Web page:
Historically, the stock market returns around 10% annually. But many analysts don't expect this to continue, at least not over the next five years. According to Bankrate's Second-Quarter Market Mavens survey, 61% of surveyed analysts say stocks will underperform the historic average over the next five years. Keep in mind, this survey took place in June, and the S&P 500 has risen 20% just since then! I bet those experts really expect stocks to underperform now.
The sentiment of the experts seems to be that of the everyday investor. The market feels irrationally exuberant right now, and valuations are soaring. But if you're afraid of a possible market crash, I believe the worst thing you could do is stop investing altogether. Rather, consider investing in some low-risk stocks. Here are three ideas for your consideration as we head into the new year.
I know what you're thinking: Starbucks (SBUX 0.09%) sells premium coffee, a discretionary purchase that consumers could forgo in harsh economic times. How can it be a low-risk investment?
You'd be hard-pressed to find a more consistent business than Starbucks. Sales growth can come two ways: Opening new stores and increasing sales at old stores. When sales increase at old stores, we call this comparable-sales growth. Starbucks has reported comp-sales growth in all but three years since going public -- including its 14% comp-sales drop for fiscal 2020. That's a great track record. Furthermore, it's maintained full-year profitability ever since its 1992 IPO, including over $900 million in net earnings in 2020 despite the pandemic. To me, this clearly demonstrates the company's low-risk profile.
Starbucks endures the tough times but thrives in good times. And it has a rosy outlook for the coming decade. In the company's recent biennial investor-day presentation, management discussed how it plans to capture a still-growing coffee market through comp-sales growth and new store growth. In fact, it plans to grow from over 32,000 worldwide locations to 55,000 by 2030, making it the largest restaurant company on the planet. This should lead to annual double-digit earnings growth and support a growing dividend, giving investors plenty of upside over the next 10 years.
2. Axon Enterprise
People from all walks of life have vocally debated how to reform criminal justice during the past year. There's disagreement over what needs to happen, but I hear a common thread: We must protect human life. Incidentally, "protecting life" is part of the mission statement for Axon Enterprise (AXON 0.51%), a law enforcement hardware and software company.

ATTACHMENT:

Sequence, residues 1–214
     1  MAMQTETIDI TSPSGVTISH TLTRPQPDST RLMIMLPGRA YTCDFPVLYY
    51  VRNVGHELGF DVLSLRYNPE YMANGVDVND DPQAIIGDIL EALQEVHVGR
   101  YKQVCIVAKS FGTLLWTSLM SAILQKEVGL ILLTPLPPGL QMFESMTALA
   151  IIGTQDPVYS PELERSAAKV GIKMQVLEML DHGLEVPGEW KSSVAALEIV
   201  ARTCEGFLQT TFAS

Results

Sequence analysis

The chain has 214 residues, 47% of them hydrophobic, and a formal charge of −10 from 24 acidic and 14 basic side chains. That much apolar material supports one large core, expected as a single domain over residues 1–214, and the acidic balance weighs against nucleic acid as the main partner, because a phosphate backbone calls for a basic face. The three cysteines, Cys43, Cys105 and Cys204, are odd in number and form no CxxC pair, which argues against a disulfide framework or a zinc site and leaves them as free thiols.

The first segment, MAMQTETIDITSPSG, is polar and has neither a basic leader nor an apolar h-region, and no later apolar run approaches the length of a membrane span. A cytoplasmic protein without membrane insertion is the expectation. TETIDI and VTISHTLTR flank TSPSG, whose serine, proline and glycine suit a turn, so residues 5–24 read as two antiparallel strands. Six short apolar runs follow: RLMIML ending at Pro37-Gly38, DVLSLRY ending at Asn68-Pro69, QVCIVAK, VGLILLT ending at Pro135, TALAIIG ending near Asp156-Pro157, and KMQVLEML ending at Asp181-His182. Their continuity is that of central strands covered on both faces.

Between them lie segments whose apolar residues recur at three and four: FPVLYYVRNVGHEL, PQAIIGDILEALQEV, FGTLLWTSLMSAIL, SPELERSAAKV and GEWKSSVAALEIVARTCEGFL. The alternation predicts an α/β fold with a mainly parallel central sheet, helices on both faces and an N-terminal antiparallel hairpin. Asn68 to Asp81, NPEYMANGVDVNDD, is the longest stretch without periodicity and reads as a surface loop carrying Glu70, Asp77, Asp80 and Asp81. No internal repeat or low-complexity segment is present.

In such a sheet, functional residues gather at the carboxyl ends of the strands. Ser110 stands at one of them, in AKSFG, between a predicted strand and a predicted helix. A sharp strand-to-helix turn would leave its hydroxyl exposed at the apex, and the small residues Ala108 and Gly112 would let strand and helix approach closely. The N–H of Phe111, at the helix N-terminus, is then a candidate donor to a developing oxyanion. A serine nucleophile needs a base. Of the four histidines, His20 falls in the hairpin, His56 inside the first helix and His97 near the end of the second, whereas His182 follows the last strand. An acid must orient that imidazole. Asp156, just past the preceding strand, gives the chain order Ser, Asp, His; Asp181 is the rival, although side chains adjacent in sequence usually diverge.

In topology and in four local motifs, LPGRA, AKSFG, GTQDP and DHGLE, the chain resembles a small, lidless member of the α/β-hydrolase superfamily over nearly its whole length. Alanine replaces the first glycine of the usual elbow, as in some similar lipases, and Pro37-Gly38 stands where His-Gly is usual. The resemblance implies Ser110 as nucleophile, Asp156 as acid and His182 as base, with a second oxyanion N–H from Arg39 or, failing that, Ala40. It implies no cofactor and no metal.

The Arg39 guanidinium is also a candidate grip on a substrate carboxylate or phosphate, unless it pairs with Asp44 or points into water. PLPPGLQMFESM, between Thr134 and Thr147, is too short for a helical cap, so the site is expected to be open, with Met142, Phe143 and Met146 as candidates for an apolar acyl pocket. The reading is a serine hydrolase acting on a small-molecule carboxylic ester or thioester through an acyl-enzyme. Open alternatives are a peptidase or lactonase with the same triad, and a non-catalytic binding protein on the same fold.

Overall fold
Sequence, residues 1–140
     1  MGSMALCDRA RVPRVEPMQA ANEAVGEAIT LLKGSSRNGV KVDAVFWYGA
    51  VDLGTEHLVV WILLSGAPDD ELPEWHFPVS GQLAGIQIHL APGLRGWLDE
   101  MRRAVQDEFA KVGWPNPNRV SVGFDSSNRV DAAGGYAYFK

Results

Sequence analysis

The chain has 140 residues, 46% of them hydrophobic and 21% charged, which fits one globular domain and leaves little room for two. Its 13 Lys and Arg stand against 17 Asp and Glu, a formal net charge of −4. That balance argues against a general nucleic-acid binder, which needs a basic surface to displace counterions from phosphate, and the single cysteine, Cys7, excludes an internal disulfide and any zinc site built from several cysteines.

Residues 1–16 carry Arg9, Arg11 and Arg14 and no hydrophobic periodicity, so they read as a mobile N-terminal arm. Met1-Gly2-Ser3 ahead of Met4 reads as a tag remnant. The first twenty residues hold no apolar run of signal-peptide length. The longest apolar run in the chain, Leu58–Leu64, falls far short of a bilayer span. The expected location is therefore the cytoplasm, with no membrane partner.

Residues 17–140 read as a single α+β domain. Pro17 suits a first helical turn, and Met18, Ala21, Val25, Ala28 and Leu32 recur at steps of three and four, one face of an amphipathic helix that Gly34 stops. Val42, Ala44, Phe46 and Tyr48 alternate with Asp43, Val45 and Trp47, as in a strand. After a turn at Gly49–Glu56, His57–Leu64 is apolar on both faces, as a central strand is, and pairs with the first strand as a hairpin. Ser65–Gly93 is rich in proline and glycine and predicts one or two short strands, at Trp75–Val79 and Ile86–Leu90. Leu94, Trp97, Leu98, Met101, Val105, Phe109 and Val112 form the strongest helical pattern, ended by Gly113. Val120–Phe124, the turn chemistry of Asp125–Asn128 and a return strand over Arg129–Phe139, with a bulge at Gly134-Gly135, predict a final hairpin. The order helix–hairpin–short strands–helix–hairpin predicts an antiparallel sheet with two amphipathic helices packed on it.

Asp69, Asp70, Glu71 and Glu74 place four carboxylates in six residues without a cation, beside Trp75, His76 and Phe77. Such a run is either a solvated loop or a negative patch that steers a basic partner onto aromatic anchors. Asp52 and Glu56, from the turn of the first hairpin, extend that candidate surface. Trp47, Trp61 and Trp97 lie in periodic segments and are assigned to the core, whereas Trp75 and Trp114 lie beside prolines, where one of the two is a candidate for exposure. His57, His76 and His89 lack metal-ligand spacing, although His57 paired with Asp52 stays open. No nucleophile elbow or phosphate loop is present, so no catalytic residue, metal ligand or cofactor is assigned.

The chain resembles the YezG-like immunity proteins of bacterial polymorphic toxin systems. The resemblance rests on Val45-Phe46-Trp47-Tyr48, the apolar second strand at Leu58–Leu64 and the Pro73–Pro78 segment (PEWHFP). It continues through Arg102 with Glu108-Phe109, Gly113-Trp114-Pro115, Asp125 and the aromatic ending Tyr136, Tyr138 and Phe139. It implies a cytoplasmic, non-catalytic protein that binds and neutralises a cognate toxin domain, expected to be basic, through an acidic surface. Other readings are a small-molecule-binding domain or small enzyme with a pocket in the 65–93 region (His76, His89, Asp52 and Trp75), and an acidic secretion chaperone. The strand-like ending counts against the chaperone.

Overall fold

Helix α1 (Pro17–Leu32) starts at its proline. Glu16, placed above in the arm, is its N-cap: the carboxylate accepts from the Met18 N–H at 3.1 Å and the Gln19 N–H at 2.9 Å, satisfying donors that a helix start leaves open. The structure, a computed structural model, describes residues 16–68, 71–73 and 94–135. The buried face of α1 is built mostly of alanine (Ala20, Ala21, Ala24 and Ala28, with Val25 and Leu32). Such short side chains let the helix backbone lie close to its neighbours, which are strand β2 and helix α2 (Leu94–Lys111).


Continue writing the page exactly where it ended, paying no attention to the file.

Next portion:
Axon Enterprise is already entrenched as an essential part of budgets for many law enforcement agencies. The company's TASER devices can save lives in certain situations, its body cameras can increase accountability and help ensure justice, and its software can simplify officers' paperwork, getting them back out in the field. This even has application at the federal level, with Axon's third-quarter sales to federal customers up 400% year over year.
As a result of its transition from a pure hardware company to a software-as-a-service player, Axon has doubled annual recurring revenue (ARR) over just the past two years to more than $200 million currently, and it's boosting the company's bottom line quickly. Given Axon's ability to address a crucial social issue and its improving business model, this is a stock you can buy and hold with confidence over the long haul.
3. Universal Display
Of the three companies presented in this article, Universal Display (OLED 4.36%) may have the most defensible business of the bunch. Organic light-emitting diode (OLED) technology is used for TV and smartphone screens, and consumers prefer OLED screens at an increasing rate. According to Mordor Intelligence, the OLED market is expected to grow at a 12.9% compound annual growth rate (CAGR) over the next five years.
Universal Display will be the primary beneficiary of this shift to OLED. The company holds many OLED-related patents, forcing manufacturers to pay up for the raw materials and for licensing their intellectual property. This means the company doesn't have to assume the risk of making and marketing hardware devices.
This results in Universal Display having an extremely profitable business. Through the first three quarters of 2020, even though sales were down because of the pandemic, it still recorded a 27.7% net-profit margin. The company also has a stellar balance sheet, with $673 million in cash and equivalents and zero debt.
Which one today?
Of the three low-risk stocks here, the one I'd be most reluctant to buy today would be Universal Display. The company may be poised for a great holiday season, but the stock trades at almost 30 times trailing sales, which is toward the high end of its historical range. Ideally, I'd prefer a cheaper entry point.
By contrast, Starbucks is the stock I'd buy today if I could only buy one. Its price-to-sales ratio of five is much more palatable considering its 10-year growth targets. Furthermore, even if it underperforms over the next few years, it currently pays a dividend with a yield of 1.6%. That's not a high yield, but it adds another beneficial layer to a Starbucks investment for risk-averse investors.